LAGOS, Nigeria -- The deep, croaking-frog rhythm of the talking drums sound out across the stage as canoeists in animal hide row a condemned servant and royal infant into the unknown. The unified voice of a choir rises above the beats, singing in the Yoruba language of Nigeria's southwest at the start of a play that begins in its middle.
This isn't the William Shakespeare you know.
Instead, this is an African reboot of "The Winter's Tale," one of the lesser known tragicomedies written by the Bard about a child princess cast away out of jealous rage and later reunited with her royal family. A theater company in Nigeria is performing their version of the play, called "Itan Oginintin," at Shakespeare's Globe in London for a festival showing 38 Shakespeare plays in different world languages as part of the London Cultural Olympiad.
For the Lagos-based performers in the Renegade Theatre company, the chance to perform allows them to represent a country whose rich history in the arts has faded under corrupt governments.
"Some time between the '80s and the '90s, I think a bridge collapsed," said Wole Oguntokun, who leads Renegade Theatre. "And now we are all looking for a way across that bridge."
Nigeria remains home to Nobel laureate Wole Soyinka, the aging playwright who Oguntokun used as a muse for a play he wrote about the essayist's tangles with the military rulers who once governed Africa's most populous nation. But while the military built the country's National Theatre in Lagos, a massive building in the shape of an officer's cap, it now sits largely unused and in poor condition.
Most Nigerians' experience with acting are from over-the-top performances on television soap operas and Nollywood movies. Slowly, however, Oguntokun and others have staged performances.
The production of "The Winter's Tale," Oguntokun hopes, will bring new focus on the value of stage acting in Nigeria through its two performances at Shakespeare's Globe, a replica theater built in London to model the one where the Bard's plays once were staged. The theater will stage 38 of Shakespeare's plays in various languages as part of a festival leading up to the Summer Olympics in London.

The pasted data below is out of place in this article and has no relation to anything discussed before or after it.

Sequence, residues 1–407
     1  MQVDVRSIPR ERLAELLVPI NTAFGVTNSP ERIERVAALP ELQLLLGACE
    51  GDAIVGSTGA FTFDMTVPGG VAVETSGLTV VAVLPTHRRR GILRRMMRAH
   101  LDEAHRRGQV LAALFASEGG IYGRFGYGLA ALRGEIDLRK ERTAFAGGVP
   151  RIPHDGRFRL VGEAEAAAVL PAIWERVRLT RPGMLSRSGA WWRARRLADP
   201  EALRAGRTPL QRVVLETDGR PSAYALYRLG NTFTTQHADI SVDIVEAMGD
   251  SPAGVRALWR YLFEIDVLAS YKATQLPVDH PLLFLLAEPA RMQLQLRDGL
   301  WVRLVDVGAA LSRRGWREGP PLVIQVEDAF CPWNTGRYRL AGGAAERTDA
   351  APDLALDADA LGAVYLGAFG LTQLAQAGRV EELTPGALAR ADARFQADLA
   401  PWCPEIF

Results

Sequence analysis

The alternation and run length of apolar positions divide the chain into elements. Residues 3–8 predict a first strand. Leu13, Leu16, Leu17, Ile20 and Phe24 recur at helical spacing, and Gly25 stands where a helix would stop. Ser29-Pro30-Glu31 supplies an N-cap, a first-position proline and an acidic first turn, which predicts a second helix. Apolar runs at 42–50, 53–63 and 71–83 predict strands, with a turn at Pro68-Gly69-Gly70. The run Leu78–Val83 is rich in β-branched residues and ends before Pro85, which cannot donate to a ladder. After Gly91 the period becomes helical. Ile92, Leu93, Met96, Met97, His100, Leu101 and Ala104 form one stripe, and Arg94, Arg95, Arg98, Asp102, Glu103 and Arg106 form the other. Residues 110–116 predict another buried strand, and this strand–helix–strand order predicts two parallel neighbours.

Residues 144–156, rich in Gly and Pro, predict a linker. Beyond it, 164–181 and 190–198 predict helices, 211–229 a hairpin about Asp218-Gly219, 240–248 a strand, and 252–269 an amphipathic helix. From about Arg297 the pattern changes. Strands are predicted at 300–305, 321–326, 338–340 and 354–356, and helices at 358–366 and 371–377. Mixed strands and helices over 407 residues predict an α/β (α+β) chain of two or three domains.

While Swahili and the languages of South Africa and Zimbabwe will be featured, Yoruba represents the only West African language to be a part of the festival. But it is a formal style of Yoruba that goes unheard in Lagos, Nigeria's largest city, where its words get mixed into English and pidgin.
Some actors who tried out for the play couldn't handle the archaic bits of the language thrown into the play, Oguntokun said. Those who made the cut found their own ways to handle it.
"I used to read the Yoruba Bible when I was small when I went to church, so I went back to the Yoruba Bible and started reading over and over again," actor Rotimi Fakunle said. "It was easier for me to switch."
The Nigerian performance also includes significant changes from the original text, as the royalty imagined by Shakespeare become the volatile Yoruba gods Ogun and Sango. The character Time, who keeps track of the plot for the audience in the original text, has been replaced by a traditional singer.
Oguntokun wants this type of traditional African storytelling to grow stronger in coming years, and gain even more international attention.
"We will tell our stories and not have our stories told to us all of the time," Oguntokun said hopefully.